Woodhead: I will attack policies on schools

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The Independent Online

Chris Woodhead, the chief inspector of schools, yesterday confirmed ministers' worst fears when he made it clear that he had resigned from his job to attack Government policies.

Chris Woodhead, the chief inspector of schools, yesterday confirmed ministers' worst fears when he made it clear that he had resigned from his job to attack Government policies.

Both David Blunkett, the Secretary of State for Education, and Tony Blair's Downing Street aides had made strenuous efforts to persuade Mr Woodhead to stop negotiating with two national newspapers, the Daily Telegraph and the Daily Mail.

But Mr Woodhead yesterday promised to fully reveal his reservations with Government policy when he starts at the Telegraph in the New Year.

He said: "I want the opportunity to say what I think on education and a range of cultural and social issues. It is no secret that I have become increasingly frustrated with some aspects of current policy. I have found it increasingly hard to defend some aspects of current policy."

The chief inspector hinted at the tension between himself and Mr Blunkett. Asked if the education secretary wished him well, Mr Woodhead said: "He did say that. You will have to ask him if he meant it."

But he insisted that he was not leaving for party political reasons. He said: "I am not a Tory. I simply believe in children getting a decent education."

It had been known for months that he was looking for another post, and Mr Blunkett and Mr Blair were keen to stop Mr Woodhead joining a Conservative-leaning newspaper before the election.

Downing Street was anxious to head off the Mail which it believes supports Labour's education policies. Insiders argued his impact at the Telegraph would be less damaging as "they all vote Tory anyway".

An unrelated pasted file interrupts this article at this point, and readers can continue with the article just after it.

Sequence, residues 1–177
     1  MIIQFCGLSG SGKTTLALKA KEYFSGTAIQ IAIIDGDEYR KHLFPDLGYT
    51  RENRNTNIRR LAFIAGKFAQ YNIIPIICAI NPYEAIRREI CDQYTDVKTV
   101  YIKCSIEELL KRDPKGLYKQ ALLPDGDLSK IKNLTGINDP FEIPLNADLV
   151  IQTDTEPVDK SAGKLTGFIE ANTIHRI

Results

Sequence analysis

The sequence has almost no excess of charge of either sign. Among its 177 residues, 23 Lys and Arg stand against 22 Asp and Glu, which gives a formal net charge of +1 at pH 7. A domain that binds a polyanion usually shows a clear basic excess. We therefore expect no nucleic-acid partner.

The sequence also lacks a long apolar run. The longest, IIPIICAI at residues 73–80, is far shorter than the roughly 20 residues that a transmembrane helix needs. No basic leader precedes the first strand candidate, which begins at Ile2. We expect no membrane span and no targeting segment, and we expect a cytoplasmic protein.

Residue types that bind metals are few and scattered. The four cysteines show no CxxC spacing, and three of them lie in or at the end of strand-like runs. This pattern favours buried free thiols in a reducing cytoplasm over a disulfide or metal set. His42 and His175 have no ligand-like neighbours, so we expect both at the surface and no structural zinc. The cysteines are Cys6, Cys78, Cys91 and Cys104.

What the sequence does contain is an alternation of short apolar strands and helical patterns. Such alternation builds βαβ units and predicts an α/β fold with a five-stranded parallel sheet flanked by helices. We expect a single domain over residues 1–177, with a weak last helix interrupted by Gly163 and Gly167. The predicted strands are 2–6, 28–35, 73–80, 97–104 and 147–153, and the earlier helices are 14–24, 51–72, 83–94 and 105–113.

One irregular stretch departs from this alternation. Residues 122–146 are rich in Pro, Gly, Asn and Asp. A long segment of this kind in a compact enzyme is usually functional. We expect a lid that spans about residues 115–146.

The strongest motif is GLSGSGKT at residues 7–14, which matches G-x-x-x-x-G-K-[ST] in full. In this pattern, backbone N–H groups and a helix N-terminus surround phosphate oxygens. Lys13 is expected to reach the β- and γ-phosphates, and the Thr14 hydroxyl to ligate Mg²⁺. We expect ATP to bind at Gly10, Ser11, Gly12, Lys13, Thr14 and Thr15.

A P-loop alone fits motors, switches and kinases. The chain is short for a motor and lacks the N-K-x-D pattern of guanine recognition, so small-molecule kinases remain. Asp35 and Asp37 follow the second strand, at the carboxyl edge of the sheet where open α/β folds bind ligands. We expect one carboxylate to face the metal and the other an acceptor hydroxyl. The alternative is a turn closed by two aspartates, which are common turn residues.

Mr Blunkett called Mr Woodhead to a meeting to ask him about his plans. He tried repeatedly to persuade the chief inspector to stay in his job until after the election at a series of meetings over the past month, but Mr Woodhead was adamant.

His disagreements with Government policies include: the contents of the literacy hour, education action zones, vocational education and the expansion of higher education.

The Prime Minister had been exasperated by Mr Woodhead's outbursts, but saw him as a guarantee to middle England that the Government was not going soft on teachers.

Yesterday, the fightback began as Mr Blunkett insisted the drive to raise standards would go on. The Department for Education's message was that most Government education policies had little to do with Mr Woodhead and his departure would make no difference.

The view in Whitehall was that he resigned because he no longer wanted the job on political grounds. Mr Blunkett will try to keep Mr Woodhead's deputy, Mike Tomlinson, as "caretaker" head of the schools inspectorate until the next election.

Theresa May, the shadow Education Secretary, said: "This has left the Government's policies in ruins. They have been able to sit behind the comfort of Chris Woodhead at the helm of Ofsted.

"We are now going to see schools totally exposed to the policies of the Government."

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